The Last Worker review: this dystopian satire on automated jobs rather labours its point
A short animated sequence kicks The Last Worker into gear, reeling off the game’s backstory with breezy efficiency. It’s an apt start for this first-person satire set in a fully-automated dystopia, in that it underlines a very human aptitude for artistic communication. It’s surprising, then, that as The Last Worker continues its story, it takes less graceful turns, electing for verbosity over economy. For a game that takes critical aim at the future of work, frankly, it’s all a bit laboured.
So what does happen in that opening animation? First, we see everyman hero Kurt among thousands of recruits arriving at the gigantic distribution centre of megacorp Jüngle (like Amazon, get it?), to spend their working lives plucking products off shelves to order. Before long, though, any drop in output sees the employees themselves plucked off and given the boot, to be replaced by robots. As the numbers dwindle, top-performer Kurt remains steadfast, and even finds love among the boxes with a fellow product picker. But when she gets pregnant and quits, he stays behind, living full-time in the warehouse. Years pass. Jüngle smothers the entire retail market, and Kurt becomes, well, the last worker.
From there you assume control of Kurt’s monotonous existence and The Last Worker’s story leaps from its premise into a polemic on tech CEOs, ‘late stage’ capitalist waste, and the encroachment of automation on our ability to earn a living. Early on, it gets its points across succinctly enough, simply by asking you to do Kurt’s job, fulfilling orders within a towering library of consumer knick-knacks. To do so, you swoop and slide between enormous shelving units on a kind of hover buggy, armed with a Jüngle gun that can magnetically pull in boxes then ping them off at speed, preferably towards a delivery chute.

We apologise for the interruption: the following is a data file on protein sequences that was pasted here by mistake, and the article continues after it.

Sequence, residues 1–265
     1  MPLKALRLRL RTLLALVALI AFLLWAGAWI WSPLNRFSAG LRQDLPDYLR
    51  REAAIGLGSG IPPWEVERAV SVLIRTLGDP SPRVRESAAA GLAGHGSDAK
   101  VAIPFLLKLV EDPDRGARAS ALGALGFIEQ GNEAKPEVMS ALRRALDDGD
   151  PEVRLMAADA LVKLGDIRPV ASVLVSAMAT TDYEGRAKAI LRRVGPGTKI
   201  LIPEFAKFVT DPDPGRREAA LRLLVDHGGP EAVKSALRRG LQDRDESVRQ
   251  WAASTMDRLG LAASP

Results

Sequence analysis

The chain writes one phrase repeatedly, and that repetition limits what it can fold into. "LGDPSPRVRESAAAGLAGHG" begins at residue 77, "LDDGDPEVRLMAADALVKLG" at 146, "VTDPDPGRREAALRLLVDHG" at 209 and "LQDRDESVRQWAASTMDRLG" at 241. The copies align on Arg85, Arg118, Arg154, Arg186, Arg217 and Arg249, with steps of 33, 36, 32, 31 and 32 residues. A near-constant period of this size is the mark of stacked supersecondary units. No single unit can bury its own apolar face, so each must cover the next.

As one character points out, all you’re really doing here is playing fetch in a tedious routine. Yet because your efforts are evaluated and rated at the end of a shift, the task is oddly compelling. Reaching each parcel becomes a race against time. Launching them towards the chute from distance is a risk-reward challenge, since dropped boxes incur penalties. Plus, you have to check each box isn’t labelled incorrectly or damaged, and if so, take it to the recycling chute instead. There’s guilty pleasure in playing the diligent corporate drone, extracting satisfaction when you gain a coveted ‘J’ rank.
The blurred line between work and game turns this process into a double-pronged criticism too, poking at rote mission design in AAA titles as much as the gamified incentivisation of meaningless jobs. The icing on the cake comes when you successfully dispatch a package and as a reward its contents are displayed in holographic form, like opening a loot box. Now you can take pride in knowing you’ve been breathlessly scurrying around to make sure someone gets their manta ray shaped guitar, or Christmas themed dustbin, or Coronavirus desk lamp – precisely the kind of plastic tat that fuels our gift economy, or comes bundled with so-called collector’s editions.
At this point, The Last Worker could almost be an expanded Molleindustria game, delivering sharply concise social commentary through repetition like Every Day the Same Dream or To Build a Better Mousetrap. But rather than continue down this path, it breaks the cycle to usher in a plot in which Kurt gets entangled in the schemes of a group of revolutionaries. They want to find out what’s going on in the facility and bring Jüngle down, so they need the last inside man to break into off-limits sectors. Now each day brings with it not a new shift, but a new mission.